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                        BROWNFIELD ASSESSMENTS
                      INDUSTRY PROFILE FACT SHEET
                                  RADIATION
INTRODUCTION

This Industry Profile Fact Sheet is presented by the U. S. Environmental Protection
Agency, Region III (EPA) to assist state, local, and municipal agencies, and private
groups in the initial planning and evaluation of sites being considered for remediation,
redevelopment or reuse.  It is intended to provide a general description of site conditions
and contaminants which may be encountered at specific industrial facilities.  This fact sheet
is presented for informational purposes only, and should not be construed as a federal
policy or directive.

INDUSTRY. PROCESS. OR SITE DESCRIPTION

Radioactive compounds can be encountered in various industrial/commercial settings.  The
majority of radiation sites which could be encountered under the Brownfield initiatives
may be divided into two primary categories: research/medical facilities and mining/refining
operations. Research/medical facilities include research laboratories, universities, x-ray
photography facilities, munitions and instrument manufacturing plants, and hospitals.
Mining/refining operations include pit and shaft mining locations, ore handling and refining
facilities, and tailings piles.

CHARACTERISTIC RAW MATERIALS

The majority of the mining and refining operations in the United States involve thorium
and uranium ores and related compounds.  The research/medical fields utilize primarily
isotopes of cesium, cobalt, and radium. The munitions industry fabricates spent uranium
into dense armor-piercing projectiles.

WASTE STREAMS AND POTENTIALLY AFFECTED ENVIRONMENTAL MEDIA

The half-life is the length of time necessary for one-half of the atoms of a radioactive
substance to decay to some other isotope.  Many research/medical radioactive materials
and wastes are stored on site until the radioisotopes become stabilized through relatively
short  half-life decay cycles.  There is the potential for human and multi-media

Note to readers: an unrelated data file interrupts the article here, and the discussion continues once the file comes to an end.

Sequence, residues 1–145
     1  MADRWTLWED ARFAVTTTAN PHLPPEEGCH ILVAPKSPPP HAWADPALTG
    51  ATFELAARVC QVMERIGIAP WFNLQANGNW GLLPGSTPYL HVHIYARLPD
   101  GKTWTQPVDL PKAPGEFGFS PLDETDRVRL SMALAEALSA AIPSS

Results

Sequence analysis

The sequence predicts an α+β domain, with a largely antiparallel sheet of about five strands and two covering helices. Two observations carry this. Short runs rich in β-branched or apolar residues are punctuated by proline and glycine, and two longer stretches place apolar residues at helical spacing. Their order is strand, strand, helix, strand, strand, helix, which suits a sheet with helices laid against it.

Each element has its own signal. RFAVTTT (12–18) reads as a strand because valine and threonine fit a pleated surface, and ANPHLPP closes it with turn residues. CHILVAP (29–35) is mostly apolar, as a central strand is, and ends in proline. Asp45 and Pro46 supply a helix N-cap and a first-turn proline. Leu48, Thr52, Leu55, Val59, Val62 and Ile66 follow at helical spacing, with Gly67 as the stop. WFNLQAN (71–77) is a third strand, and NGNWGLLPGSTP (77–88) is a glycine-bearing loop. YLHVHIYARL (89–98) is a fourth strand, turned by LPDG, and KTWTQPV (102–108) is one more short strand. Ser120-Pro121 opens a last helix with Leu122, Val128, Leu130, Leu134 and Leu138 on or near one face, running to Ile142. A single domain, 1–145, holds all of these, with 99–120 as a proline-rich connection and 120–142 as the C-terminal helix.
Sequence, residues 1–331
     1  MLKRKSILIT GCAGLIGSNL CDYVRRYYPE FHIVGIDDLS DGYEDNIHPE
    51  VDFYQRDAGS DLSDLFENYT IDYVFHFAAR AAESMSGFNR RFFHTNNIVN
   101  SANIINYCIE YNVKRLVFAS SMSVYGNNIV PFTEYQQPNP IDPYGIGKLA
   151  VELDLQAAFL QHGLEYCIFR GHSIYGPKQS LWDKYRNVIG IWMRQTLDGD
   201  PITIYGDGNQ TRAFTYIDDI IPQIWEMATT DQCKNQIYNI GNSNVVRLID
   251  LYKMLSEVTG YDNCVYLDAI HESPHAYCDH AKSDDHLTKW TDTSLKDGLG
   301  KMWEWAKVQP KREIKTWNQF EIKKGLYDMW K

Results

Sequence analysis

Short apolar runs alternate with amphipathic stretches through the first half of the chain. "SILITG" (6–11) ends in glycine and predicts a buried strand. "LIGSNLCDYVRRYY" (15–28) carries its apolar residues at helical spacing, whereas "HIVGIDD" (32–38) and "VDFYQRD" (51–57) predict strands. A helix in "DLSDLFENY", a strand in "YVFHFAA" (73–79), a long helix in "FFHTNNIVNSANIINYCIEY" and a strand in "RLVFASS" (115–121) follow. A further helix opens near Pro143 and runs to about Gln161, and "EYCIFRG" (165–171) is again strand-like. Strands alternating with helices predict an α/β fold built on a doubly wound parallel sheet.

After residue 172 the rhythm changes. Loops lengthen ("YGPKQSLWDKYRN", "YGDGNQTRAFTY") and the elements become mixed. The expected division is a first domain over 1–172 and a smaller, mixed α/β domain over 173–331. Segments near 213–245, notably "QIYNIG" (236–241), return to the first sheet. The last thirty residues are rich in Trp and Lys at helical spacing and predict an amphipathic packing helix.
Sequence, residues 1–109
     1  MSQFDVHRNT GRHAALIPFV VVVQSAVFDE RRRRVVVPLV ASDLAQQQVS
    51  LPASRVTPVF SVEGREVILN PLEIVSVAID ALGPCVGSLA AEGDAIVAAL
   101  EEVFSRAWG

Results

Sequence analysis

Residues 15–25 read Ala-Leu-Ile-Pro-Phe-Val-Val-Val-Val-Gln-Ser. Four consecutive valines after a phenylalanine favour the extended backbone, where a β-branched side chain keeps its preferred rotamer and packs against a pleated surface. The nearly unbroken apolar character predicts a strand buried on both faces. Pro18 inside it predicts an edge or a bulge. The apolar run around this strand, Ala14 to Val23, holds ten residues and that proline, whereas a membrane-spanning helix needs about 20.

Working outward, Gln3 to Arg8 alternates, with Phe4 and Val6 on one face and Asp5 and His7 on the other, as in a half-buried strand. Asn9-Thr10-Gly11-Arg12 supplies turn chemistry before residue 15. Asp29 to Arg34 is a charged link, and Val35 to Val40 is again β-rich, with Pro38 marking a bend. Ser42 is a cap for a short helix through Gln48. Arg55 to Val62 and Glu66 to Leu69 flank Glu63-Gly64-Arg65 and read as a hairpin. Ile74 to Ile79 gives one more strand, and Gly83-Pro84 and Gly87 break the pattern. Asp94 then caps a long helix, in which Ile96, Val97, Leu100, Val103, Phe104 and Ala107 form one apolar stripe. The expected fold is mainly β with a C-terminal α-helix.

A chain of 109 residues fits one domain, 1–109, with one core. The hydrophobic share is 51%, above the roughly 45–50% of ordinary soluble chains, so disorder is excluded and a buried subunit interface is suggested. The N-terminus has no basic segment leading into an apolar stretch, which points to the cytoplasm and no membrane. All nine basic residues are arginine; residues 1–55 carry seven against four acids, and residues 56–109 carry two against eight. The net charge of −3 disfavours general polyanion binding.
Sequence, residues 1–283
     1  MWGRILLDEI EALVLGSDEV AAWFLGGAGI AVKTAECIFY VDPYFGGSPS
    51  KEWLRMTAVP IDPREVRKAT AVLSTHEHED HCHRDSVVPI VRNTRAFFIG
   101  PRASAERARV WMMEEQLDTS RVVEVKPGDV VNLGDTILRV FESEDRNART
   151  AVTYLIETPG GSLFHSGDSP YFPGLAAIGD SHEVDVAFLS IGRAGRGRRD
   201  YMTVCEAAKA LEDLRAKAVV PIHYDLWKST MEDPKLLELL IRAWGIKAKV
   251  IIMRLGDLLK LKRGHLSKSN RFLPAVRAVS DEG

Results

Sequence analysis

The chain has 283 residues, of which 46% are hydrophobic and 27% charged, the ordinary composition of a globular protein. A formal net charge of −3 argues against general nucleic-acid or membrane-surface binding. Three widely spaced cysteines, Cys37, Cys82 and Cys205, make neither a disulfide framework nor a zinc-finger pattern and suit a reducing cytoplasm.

environmental  contamination during these cycles if the radioactive materials are not
properly managed.

The three types of ionizing radiation which represent the greatest human health concern at
redevelopment sites are alpha, beta, and gamma radiation. Particulate radiation (alpha,
beta)  are released during the decay cycle and may deposit on almost any surface. This
                                                                    U.S. EPA Region HI
                                                        Industrial Profile Fact Sheet (Beownfields)

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form of radiation contamination can affect soil, surface water, ground water, and air
quality as the high energy particles are transported away from the original sources.

Contaminated buildings and the associated demolition debris may be encountered at
abandoned or inactive sites. Decontamination and monitoring of these of these materials
may be required prior to off-site landfill disposal.

SAMPLING STRATEGIES

Once radioactive materials  are detected, the site should be screened for the radiation types
present in the corresponding decay chain. Soil samples may be taken to confirm the
activity at areas identified during the site screening from  the suspected contaminated areas
outward to the suspected clean areas.  Once the primary contaminated areas are
established, grid monitoring or sampling may be performed to confirm the suspected clean
areas. The application of non-intrusive subsurface geophysics should be evaluated to
detect underground burial pits, filled lagoons, process lines and underground storage
tanks.

On-site and local wells and surface water may be sampled if groundwater is an
environmental concern. Installation of monitoring wells  or other groundwater sampling
techniques should be evaluated if it is necessary to fill data gaps.